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Your Diet and Your Teeth

Your body is an intricate system. Every food and beverage you consume affects your overall health. Since your mouth serves as the initial point of entry, it only makes sense that your diet and what you ingest impacts your mouth’s general health as well.

The average American diet includes starches, sugars, processed snacks, and highly acidic foods and drinks. These choices feed the bad bacteria in your mouth. These bacteria lead to cavities, gum disease, tooth decay, tooth loss, and oral cancer.

The CDC reports that 46% of adults over the age of 30 exhibit signs of tooth decay. Left untreated, you are at greater risk for cardiovascular disease and other health issues. The great news is, this is preventable. Making healthy diet choices will promote your general health and help prevent tooth decay and gum disease.

What Causes Tooth Decay and Gum Disease?

Plaque is a sticky film of bacteria that covers the external layers of your teeth. When you consume starches, acidic foods and drinks, and sugar, these nutrients react to these bacteria. The result is a layer of acid that attacks your teeth and breaks down the enamel. This acid causes tooth decay and inflammation, resulting in cavities and the breakdown of your gums and bones.

What Foods and Drinks Cause Tooth Decay?

The World Health Organization (WHO) reports that poor diet is the leading cause of oral diseases. You can promote oral health by avoiding processed foods and reading labels. Ingredients ending in ‘ose’ contain sugars that can break down the enamel on your teeth. For a brighter, longer-lasting smile, follow these health guidelines.

Avoid acidic foods. So many of us, often from a young age, have been regularly reminded that it is important to eat our fruits and vegetables. While these items are important for a healthy diet, some have high acidic levels. Try eating fresh produce like tomatoes, grapefruit, and oranges as part of a meal. This will help minimize the harmful bacteria these foods can form.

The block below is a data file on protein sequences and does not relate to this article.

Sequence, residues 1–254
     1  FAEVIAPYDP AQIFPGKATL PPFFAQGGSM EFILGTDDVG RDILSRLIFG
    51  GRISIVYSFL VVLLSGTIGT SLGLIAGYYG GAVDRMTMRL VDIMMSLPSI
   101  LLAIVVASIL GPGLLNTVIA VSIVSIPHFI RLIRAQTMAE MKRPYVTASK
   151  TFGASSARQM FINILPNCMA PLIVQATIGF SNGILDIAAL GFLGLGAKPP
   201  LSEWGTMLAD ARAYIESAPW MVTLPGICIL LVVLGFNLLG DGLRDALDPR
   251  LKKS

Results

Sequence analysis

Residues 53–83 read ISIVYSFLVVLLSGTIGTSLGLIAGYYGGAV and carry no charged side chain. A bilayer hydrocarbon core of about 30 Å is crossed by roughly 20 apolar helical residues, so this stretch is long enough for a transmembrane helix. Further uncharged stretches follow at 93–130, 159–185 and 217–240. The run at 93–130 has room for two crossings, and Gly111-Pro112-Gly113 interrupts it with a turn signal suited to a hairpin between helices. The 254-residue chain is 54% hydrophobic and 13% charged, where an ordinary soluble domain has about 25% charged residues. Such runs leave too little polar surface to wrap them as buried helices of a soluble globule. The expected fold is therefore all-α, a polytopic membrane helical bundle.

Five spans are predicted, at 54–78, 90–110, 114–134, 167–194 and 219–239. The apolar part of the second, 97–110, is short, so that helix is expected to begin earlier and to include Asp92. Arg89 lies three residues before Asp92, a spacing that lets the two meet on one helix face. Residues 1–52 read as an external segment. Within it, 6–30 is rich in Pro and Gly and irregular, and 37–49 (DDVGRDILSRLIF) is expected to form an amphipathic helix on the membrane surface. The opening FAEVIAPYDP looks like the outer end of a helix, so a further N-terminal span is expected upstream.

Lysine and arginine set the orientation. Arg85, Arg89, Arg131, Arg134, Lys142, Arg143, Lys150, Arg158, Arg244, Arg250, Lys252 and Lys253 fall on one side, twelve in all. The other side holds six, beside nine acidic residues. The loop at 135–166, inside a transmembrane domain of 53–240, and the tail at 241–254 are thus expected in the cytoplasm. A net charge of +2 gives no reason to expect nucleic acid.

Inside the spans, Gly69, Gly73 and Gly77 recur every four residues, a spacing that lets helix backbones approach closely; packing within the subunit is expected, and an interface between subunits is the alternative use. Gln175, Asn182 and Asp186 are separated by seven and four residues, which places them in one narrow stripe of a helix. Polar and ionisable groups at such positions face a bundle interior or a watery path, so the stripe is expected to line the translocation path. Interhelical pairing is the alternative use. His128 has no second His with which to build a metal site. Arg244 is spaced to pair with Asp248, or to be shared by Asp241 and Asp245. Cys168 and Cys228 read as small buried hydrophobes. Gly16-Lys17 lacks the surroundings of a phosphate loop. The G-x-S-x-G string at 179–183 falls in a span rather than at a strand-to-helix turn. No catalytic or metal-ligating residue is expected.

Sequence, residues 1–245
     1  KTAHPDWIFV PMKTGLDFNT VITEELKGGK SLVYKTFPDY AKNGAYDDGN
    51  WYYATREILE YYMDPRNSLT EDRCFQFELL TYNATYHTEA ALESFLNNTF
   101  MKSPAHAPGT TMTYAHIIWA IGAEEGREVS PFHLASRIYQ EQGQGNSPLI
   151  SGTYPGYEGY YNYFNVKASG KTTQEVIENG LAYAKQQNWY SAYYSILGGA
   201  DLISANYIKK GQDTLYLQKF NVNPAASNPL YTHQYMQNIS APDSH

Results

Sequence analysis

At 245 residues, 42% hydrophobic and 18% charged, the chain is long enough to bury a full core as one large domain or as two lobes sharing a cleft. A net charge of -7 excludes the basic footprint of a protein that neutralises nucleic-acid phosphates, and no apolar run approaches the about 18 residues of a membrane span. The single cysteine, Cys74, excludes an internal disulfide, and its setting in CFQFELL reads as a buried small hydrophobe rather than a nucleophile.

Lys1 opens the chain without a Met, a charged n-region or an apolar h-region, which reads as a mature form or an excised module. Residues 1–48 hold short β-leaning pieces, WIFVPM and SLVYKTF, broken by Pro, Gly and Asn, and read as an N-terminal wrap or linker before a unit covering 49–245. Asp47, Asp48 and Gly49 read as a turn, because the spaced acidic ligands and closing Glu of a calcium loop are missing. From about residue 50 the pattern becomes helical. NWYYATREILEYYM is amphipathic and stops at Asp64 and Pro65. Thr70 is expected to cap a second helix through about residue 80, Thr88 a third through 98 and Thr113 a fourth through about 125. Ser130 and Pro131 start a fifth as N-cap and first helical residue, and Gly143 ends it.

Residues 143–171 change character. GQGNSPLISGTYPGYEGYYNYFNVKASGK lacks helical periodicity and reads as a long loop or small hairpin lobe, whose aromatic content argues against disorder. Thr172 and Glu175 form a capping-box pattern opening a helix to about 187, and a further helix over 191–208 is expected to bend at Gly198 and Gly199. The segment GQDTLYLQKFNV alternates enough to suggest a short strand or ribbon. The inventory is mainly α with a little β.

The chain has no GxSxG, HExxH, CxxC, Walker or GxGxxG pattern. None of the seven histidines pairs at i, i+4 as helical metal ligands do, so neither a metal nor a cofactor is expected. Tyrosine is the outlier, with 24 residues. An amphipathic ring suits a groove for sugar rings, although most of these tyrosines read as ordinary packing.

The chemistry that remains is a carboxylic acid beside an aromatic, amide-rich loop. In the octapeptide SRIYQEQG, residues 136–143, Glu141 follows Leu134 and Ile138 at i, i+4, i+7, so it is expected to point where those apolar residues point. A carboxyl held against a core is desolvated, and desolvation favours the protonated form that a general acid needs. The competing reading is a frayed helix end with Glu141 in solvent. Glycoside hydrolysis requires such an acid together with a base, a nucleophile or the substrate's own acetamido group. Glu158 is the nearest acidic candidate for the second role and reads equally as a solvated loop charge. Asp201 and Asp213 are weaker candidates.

Limit sweets. There is a direct link between sugar and poor oral health. The American Dental Association (ADA) recommends limiting the sugary foods and drinks you consume. The less obvious items containing sugar include cereal, sports and energy drinks, spaghetti sauce, and sodas.

Restrict consumption of teeth-staining drinks. Drinks like red wine, tea, and coffee contain color pigments known as chromogens. This pigment attaches to your tooth enamel and stains it. Drinking plenty of water along with these drinks will help wash away the chromogens before they attach to your teeth.

Beware of sticky foods. Starchy and sticky foods, such as bread, potatoes, honey, and raisins stick to your teeth and increase the risk of tooth decay. You can keep your gums and teeth healthy by limiting these sticky foods and maintaining proper oral hygiene habits. The American Dental Association recommends flossing once a day and brushing your teeth at least twice a day.

The Best Foods for Healthy Teeth

Eating a well-balanced diet creates a healthy environment for your teeth and gums. But, what constitutes a balanced diet? Industry leaders recommend sticking with the five major food groups and avoiding fad diets that can leave you deficient in important vitamins and minerals. Moderation and variety is a good rule of thumb. The best dietary choices for oral health include:

  • Anti-inflammatory foods – Healthy fats promote oral health and reduce inflammation in the body.
  • Calcium – Leafy greens, beans, dairy, and almonds help strengthen your teeth and reduce your chances of gum disease.
  • Protein – A balanced diet should include proteins such as fish, poultry, and meats.
  • Fresh produce – Fruits and vegetables help break down the acids that attack tooth enamel. Just make sure to eat them with a glass of water.
  • Water – Regular water consumption helps support overall health and washes away harmful sugars stuck to your teeth.

Contact the Vero Beach Dental Experts

Early detection helps minimize any damage caused by oral disease. In fact, the effects can often be reversed with a proper treatment plan in place. If you are exhibiting signs of periodontal disease, contact us to schedule an appointment with our board-certified periodontist at Vero Implants and Periodontics.